MEANS OF TRANSPORTATION TO WORK (6)

              SUPFLG01 APPLIES TO ALL CELLS

                UNIVERSE:  WORKERS 16 YEARS AND OVER

                SEE FOOTNOTE  18  19  45

                  CAR, TRUCK OR VAN:
                    DRIVE ALONE
                    CARPOOL
                  PUBLIC TRANSPORTATION
                  WALKED ONLY
                  OTHER MEANS
                  WORKED AT HOME
Positions for BEGIN 3526-3910

            STF3       DATA DICTIONARY             04/29/82
                       RECORD 01

               SIZE/          RELATIVE    DATA     NUMBER OF
   NAME        SCALE   BEGIN   BEGIN      TYPE       CELLS


 TABLE 41         9      3526    1510       N            8
 (TAB41)
              TRAVEL TIME TO WORK (8)

              SUPFLG01 APPLIES TO ALL CELLS

                UNIVERSE:  WORKERS 16 YEARS AND OVER
                           WHO DID NOT WORK AT HOME

                SEE FOOTNOTE  45

                  LESS THAN 5 MINUTES
                  5 TO 9 MINUTES
                  10 TO 14 MINUTES
                  15 TO 19 MINUTES
                  20 TO 29 MINUTES
                  30 TO 44 MINUTES
                  45 TO 59 MINUTES
                  60 OR MORE MINUTES

 TABLE 42        15      3598    1582       N            1
 (TAB42)
              AGGREGATE TRAVEL TIME TO WORK (IN
                MINUTES) (1)

              SUPFLG01 APPLIES TO ALL CELLS

                UNIVERSE:  WORKERS 16 YEARS AND OVER
                           WHO DID NOT WORK AT HOME

                SEE FOOTNOTE  12  45

                AGGREGATE TRAVEL TIME TO WORK (IN
                  MINUTES)

 TABLE 43         9      3613    1597       N            5
 (TAB43)
              PRIVATE VEHICLE OCCUPANCY (5)

              SUPFLG01 APPLIES TO ALL CELLS

                UNIVERSE:  WORKERS 16 YEARS AND OVER
                           WHO TRAVELED TO WORK BY CAR,
                           TRUCK, OR VAN

                SEE FOOTNOTE  45

                  DRIVE ALONE
                  IN 2-PERSON CARPOOL
                  IN 3-PERSON CARPOOL
                  IN 4-PERSON CARPOOL
                  IN 5-OR-MORE PERSON CARPOOL

 TABLE 44         9      3658    1642       N            4
 (TAB44)
              SCHOOL ENROLLMENT (4)

              SUPFLG01 APPLIES TO ALL CELLS

                UNIVERSE:  PERSONS 3 YEARS OLD AND OVER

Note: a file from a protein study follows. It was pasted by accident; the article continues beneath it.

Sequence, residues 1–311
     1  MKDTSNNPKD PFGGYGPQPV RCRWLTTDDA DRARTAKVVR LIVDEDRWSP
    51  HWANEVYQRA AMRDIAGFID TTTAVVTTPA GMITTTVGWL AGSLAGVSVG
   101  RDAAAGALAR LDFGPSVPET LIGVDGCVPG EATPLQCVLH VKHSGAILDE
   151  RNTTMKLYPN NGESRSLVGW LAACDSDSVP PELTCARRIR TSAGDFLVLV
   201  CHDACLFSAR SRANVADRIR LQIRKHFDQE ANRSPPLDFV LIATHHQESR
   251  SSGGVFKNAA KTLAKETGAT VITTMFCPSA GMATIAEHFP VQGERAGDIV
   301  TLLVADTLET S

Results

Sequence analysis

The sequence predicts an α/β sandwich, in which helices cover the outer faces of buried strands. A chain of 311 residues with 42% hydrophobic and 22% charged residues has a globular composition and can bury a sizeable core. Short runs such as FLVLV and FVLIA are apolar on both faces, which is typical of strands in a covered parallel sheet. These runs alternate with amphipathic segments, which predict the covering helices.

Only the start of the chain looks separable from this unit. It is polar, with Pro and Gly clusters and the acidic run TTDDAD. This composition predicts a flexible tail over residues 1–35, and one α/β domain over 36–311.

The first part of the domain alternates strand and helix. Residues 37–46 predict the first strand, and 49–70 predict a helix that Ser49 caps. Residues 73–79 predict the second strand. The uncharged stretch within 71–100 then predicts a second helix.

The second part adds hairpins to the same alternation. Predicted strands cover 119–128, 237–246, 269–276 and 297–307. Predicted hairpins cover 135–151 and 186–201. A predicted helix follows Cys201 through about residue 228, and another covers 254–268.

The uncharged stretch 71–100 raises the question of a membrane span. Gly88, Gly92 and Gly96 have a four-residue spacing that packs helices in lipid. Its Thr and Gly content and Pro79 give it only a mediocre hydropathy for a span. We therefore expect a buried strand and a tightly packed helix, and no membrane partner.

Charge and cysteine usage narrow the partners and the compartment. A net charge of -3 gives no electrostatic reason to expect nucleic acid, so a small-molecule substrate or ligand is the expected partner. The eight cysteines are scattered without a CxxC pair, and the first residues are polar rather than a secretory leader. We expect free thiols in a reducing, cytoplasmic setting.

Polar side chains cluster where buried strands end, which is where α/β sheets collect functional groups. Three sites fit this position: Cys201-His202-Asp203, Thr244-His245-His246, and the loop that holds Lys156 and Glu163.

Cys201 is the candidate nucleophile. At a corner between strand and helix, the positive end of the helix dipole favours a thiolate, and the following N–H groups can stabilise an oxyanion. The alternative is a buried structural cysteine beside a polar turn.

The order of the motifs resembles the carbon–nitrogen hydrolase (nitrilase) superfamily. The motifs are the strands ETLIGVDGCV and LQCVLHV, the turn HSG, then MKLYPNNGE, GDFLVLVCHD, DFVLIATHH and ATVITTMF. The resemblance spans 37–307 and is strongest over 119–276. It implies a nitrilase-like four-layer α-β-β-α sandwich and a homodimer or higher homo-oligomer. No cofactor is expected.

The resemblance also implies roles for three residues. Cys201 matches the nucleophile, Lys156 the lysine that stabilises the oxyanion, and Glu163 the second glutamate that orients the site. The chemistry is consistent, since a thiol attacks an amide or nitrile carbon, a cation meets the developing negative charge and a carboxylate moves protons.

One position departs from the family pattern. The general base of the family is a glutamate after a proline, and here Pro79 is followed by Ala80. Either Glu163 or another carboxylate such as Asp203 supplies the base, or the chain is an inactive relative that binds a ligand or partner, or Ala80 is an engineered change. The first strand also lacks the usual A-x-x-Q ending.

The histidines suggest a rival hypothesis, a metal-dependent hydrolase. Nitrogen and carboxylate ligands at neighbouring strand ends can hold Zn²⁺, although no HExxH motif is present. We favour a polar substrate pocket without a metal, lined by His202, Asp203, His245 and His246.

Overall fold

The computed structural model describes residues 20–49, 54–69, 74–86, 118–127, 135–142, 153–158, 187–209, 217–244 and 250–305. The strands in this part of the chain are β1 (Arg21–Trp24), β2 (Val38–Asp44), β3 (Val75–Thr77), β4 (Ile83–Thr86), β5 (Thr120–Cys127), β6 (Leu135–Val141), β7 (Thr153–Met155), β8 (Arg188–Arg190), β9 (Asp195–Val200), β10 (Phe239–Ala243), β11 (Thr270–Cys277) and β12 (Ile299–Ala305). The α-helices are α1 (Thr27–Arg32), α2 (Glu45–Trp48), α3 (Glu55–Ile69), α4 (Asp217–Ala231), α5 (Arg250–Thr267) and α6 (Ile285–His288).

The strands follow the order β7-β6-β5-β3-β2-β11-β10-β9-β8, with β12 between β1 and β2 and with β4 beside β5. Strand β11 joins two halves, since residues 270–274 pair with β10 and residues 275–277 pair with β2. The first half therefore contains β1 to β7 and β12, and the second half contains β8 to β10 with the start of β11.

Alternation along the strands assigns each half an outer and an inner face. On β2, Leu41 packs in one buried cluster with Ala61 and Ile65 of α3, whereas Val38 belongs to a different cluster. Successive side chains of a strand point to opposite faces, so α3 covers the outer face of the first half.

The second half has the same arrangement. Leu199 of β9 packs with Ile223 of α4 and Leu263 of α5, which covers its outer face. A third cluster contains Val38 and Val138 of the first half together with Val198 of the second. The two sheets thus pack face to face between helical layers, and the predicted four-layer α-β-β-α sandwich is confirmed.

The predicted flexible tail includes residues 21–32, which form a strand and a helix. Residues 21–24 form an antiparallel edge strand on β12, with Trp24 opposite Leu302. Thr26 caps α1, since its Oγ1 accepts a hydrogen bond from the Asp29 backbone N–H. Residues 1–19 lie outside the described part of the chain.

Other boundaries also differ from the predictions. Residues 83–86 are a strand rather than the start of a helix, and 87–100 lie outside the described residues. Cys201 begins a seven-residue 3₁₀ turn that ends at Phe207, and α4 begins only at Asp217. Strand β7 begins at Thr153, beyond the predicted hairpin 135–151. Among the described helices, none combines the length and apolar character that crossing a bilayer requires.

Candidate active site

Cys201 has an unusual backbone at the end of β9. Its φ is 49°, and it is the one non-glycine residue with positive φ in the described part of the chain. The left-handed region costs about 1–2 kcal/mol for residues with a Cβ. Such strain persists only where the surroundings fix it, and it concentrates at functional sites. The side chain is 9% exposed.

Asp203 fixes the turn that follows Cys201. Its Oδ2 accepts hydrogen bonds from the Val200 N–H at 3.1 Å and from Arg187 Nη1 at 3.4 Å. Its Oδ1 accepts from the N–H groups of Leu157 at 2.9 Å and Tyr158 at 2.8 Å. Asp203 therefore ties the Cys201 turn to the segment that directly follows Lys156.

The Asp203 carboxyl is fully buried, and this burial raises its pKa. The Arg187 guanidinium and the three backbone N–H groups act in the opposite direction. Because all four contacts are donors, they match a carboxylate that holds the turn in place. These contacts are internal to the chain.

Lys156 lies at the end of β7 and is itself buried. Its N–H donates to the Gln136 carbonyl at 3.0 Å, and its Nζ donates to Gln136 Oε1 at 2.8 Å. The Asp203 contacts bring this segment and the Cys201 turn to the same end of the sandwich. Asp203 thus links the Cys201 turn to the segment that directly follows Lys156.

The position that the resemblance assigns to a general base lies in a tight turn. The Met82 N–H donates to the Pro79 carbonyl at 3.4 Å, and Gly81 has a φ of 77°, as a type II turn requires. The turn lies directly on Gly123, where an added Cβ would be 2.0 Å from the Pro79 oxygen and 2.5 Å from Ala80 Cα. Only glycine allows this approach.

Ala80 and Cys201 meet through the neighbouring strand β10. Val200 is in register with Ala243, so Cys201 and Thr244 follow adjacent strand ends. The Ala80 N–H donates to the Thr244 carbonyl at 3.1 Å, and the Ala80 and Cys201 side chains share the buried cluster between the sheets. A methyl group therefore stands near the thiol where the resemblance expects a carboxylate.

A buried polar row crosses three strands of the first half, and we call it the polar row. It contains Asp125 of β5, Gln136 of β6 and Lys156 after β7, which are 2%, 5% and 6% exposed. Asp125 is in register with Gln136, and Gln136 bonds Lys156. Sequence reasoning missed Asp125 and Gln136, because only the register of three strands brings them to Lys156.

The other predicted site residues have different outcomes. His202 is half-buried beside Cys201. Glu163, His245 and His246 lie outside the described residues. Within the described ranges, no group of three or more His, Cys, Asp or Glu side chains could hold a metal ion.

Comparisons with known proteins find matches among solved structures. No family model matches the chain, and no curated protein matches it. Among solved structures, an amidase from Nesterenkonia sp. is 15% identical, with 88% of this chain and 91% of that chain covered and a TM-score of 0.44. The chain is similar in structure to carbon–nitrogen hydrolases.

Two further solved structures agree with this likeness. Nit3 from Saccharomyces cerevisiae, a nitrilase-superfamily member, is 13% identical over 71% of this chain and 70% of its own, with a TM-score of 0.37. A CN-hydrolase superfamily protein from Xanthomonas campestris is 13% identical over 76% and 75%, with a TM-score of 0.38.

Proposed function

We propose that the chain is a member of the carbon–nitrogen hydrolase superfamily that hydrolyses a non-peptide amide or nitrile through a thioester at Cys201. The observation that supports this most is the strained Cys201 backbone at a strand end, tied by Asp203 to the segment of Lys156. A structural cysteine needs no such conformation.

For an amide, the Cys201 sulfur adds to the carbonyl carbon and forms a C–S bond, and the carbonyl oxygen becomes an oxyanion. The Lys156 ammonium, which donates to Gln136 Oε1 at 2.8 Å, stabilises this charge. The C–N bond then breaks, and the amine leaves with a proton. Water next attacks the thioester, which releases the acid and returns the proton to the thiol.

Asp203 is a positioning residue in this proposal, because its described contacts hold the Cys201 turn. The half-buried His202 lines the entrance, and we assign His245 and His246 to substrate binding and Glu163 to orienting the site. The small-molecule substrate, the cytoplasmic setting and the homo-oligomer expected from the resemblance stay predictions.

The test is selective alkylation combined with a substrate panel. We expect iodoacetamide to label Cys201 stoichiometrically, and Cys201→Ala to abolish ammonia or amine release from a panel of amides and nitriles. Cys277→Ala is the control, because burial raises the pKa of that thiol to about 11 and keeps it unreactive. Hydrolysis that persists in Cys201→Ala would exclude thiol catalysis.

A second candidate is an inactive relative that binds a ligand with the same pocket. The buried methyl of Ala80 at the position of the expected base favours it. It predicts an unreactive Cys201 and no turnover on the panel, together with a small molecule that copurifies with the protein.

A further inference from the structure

ENROLLED IN PRIVATE SCHOOL

                  NURSERY SCHOOL
                  KINDERGARTEN AND ELEMENTARY
                    (1 TO 8 YEARS)
                  HIGH SCHOOL (1 TO 4 YEARS)
                  COLLEGE

 TABLE 45         9      3694    1678       N           20
 (TAB45)
              RACE (5) BY SCHOOL ENROLLMENT (4)

              SUPFLG01 APPLIES TO CELLS 1-4
              SUPFLG02 APPLIES TO CELLS 5-8
              SUPFLG03 APPLIES TO CELLS 9-12
              SUPFLG04 APPLIES TO CELLS 13-16
              SUPFLG05 APPLIES TO CELLS 17-20

                UNIVERSE:  PERSONS 3 YEARS OLD AND
                           OVER ENROLLED IN SCHOOL

                SEE FOOTNOTE 4

                THE STRATIFIERS ARE
                  RACE BY
                    SCHOOL ENROLLMENT

                  TOTAL:
                    NURSERY SCHOOL
                    KINDERGARTEN AND ELEMENTARY
                      (1 TO 8 YEARS)
                    HIGH SCHOOL (1 TO 4 YEARS)
                    COLLEGE

                  WHITE:
                    (REPEAT SCHOOL ENROLLMENT) (4)
                  BLACK:
                    (REPEAT SCHOOL ENROLLMENT) (4)
                  AMERICAN INDIAN, ESKIMO, AND ALEUT:
                    (REPEAT SCHOOL ENROLLMENT) (4)
                  ASIAN AND PACIFIC ISLANDER:
                    (REPEAT SCHOOL ENROLLMENT) (4)

 TABLE 46         9      3874    1858       N            4
 (TAB46)
              SCHOOL ENROLLMENT (4)

              SUPFLG06 APPLIES TO ALL CELLS

                UNIVERSE:  PERSONS OF SPANISH ORIGIN
                           3 YEARS OLD AND OVER
                           ENROLLED IN SCHOOL

                  NURSERY SCHOOL
                  KINDERGARTEN AND ELEMENTARY
                    (1 TO 8 YEARS)
                  HIGH SCHOOL (1 TO 4 YEARS)
                  COLLEGE

 TABLE 47         9      3910    1894       N            8
 (TAB47)
              SCHOOL ENROLLMENT, YEARS OF SCHOOL
                COMPLETED AND LABOR FORCE STATUS (8)

              SUPFLG01 APPLIES TO ALL CELLS

                UNIVERSE:  PERSONS 16 TO 19 YEARS OLD

                SEE FOOTNOTE  45

                  ARMED FORCES
                  CIVILIAN:
                    ENROLLED IN SCHOOL
                    NOT ENROLLED IN SCHOOL:
                      HIGH SCHOOL GRADUATE:
                        EMPLOYED
                        UNEMPLOYED
                        NOT IN LABOR FORCE
                      NOT HIGH SCHOOL GRADUATE:
                        EMPLOYED
                        UNEMPLOYED
                        NOT IN LABOR FORCE
Positions for BEGIN 3982-4576

               STF3       DATA DICTIONARY             04/29/82
                       RECORD 01

               SIZE/          RELATIVE    DATA     NUMBER OF
  NAME         SCALE   BEGIN   BEGIN      TYPE       CELLS